Cardiac arrests explained

Dr Mike KnaptonOur Associate Medical Director, Dr Mike Knapton, answers some frequently asked questions about cardiac arrest.

Monday 19 March 2012

Chest clip monitorOver the last few days, the British Heart Foundation has been inundated with calls about the health of Premiership footballer Fabrice Muamba, who collapsed suddenly on Saturday. We hope Fabrice makes a full recovery but only his doctors will have a true understanding about his current condition and what might have caused his collapse.

However, here are some of the questions we’ve been answering.

1. What is a cardiac arrest?

A cardiac arrest is when your heart stops pumping blood around your body.  You are unresponsive and won’t be breathing normally. Immediate CPR and defibrillation is needed to have any chance of survival.

A cardiac arrest is very different to a heart attack. Most heart attacks are caused by coronary heart disease, which is when one or more coronary arteries narrow due to a gradual build-up of fatty material within their walls. If this material becomes unstable, a piece may break off and lead to a blood clot forming.  This clot can block a coronary artery, starving part of your heart of oxygen-carrying blood causing damage to your heart muscle - this is a heart attack.

2. What can cause a cardiac arrest?

Doctor uses stethoscopeThe most common cause of cardiac arrest is a life threatening abnormal heart rhythm called ventricular fibrillation. It occurs when the electrical activity of the heart becomes so chaotic the heart stops pumping and quivers, or fibrillates, instead.

Heart attacks cause the majority of cardiac arrests in the UK. However, there are lots of other things which can trigger a cardiac arrest. Without proper screening, many of these conditions go unnoticed. For example, a hereditary disease called Hypertrophic Cardiomyopathy is the most common cause of sudden death in young people. It causes the heart muscle to become excessively thick and makes the heart vulnerable to ventricular fibrillation.

Other causes include:

  • You lose a large amount of blood or fluid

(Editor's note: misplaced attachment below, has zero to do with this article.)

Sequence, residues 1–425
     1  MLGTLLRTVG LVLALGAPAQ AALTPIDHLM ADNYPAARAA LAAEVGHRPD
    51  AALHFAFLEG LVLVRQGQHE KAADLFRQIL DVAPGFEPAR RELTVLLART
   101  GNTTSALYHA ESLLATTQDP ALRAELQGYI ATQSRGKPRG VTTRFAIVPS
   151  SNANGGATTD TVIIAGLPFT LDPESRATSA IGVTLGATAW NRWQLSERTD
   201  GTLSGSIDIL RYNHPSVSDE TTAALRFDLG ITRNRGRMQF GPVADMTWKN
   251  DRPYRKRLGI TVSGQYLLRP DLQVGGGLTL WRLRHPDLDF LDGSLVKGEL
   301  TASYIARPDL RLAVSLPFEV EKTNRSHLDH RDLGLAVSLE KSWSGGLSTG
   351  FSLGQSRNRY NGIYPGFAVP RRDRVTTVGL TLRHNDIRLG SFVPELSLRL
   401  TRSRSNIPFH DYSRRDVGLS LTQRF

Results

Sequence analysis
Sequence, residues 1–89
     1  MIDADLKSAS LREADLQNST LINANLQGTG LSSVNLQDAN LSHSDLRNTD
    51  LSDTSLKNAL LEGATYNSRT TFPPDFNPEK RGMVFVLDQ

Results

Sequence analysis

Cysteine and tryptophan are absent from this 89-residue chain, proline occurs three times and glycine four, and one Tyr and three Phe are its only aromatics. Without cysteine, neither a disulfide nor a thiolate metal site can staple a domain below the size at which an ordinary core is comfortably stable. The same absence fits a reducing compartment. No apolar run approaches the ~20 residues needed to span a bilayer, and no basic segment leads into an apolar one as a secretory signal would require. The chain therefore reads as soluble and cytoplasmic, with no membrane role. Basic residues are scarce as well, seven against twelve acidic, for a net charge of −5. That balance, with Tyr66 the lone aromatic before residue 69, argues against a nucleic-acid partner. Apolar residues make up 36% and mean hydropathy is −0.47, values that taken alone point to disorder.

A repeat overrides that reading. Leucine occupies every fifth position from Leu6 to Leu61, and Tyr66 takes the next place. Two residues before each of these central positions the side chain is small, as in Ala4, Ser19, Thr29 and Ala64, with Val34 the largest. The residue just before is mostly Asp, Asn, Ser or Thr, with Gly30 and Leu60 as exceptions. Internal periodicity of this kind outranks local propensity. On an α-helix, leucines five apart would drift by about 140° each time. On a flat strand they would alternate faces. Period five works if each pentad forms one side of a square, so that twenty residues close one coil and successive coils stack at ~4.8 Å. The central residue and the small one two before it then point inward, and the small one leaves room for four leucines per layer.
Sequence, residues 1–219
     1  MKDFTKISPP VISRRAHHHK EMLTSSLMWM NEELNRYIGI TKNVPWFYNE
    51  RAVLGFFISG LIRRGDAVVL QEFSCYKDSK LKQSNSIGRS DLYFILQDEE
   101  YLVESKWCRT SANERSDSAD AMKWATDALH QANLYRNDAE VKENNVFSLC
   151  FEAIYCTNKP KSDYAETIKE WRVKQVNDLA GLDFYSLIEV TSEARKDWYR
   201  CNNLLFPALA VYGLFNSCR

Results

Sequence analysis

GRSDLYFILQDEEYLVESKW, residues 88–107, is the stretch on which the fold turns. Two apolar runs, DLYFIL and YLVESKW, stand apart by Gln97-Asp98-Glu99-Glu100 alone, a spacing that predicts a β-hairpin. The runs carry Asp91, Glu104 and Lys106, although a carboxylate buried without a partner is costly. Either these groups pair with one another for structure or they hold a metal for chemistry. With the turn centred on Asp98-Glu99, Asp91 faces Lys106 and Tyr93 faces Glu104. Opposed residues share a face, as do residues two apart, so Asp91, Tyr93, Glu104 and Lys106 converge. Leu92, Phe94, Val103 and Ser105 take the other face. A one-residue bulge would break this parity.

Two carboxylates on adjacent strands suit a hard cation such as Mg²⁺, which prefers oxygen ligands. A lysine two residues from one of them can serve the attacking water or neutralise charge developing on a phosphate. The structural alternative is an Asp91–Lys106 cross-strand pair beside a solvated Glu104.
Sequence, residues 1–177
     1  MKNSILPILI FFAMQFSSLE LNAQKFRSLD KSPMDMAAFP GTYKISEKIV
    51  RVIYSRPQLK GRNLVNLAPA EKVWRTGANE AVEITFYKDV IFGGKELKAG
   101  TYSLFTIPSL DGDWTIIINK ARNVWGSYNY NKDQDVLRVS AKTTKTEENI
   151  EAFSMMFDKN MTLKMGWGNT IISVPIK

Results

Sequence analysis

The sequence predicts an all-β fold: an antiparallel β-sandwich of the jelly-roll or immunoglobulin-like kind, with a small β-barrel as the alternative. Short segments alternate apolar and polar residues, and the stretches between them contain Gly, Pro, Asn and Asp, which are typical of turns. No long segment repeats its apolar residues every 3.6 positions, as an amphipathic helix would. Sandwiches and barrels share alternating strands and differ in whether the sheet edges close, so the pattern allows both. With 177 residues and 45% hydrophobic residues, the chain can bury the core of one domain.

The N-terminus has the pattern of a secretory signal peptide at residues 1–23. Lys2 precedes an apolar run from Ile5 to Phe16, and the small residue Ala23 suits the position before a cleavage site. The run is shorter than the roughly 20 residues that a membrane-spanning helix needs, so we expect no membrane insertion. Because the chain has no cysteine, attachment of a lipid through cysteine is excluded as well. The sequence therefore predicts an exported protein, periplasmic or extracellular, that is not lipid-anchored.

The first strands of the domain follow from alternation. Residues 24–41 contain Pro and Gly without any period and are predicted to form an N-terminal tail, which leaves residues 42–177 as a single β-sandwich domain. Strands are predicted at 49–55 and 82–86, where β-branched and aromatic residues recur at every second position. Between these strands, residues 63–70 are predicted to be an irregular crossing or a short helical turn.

• A lack of oxygen
  • Your body being very hot or very cold

3. How can screening help?

Lots of heart conditions are inherited and looking at someone’s family history can help flag up any potential problems. Cardiac screening involving a test called an electrocardiogram (ECG) can then help diagnose most cardiac abnormalities, but not all.

Around 500 young people die suddenly each year with apparently no explanation or cause of death. Often an inherited heart condition is to blame. Our Genetic Information Service on 0300 456 8383 can provide information if someone in your family has been diagnosed with, or has died from, what is suspected to be an inherited heart condition.

4. How important is CPR and defibrillation during cardiac arrest?

Vinnie JonesIf someone has a cardiac arrest they will not survive without prompt CPR, which could be Hands-only CPR, and a defibrillator. A defibrillator is a life-saving machine that can give the heart a controlled electrical shock during a cardiac arrest. For every minute that passes without defibrillation chances of survival decrease by about 10 percent.

If someone has collapsed, call 999 straight away. If you’re unsure or unconfident about giving full CPR, including rescue breathes, try Hands-only CPR instead. The technique involves calling 999 and then pushing hard and fast in the centre of the casualty’s chest to the rhythm of the Bee Gees, Staying Alive, until professional help arrives.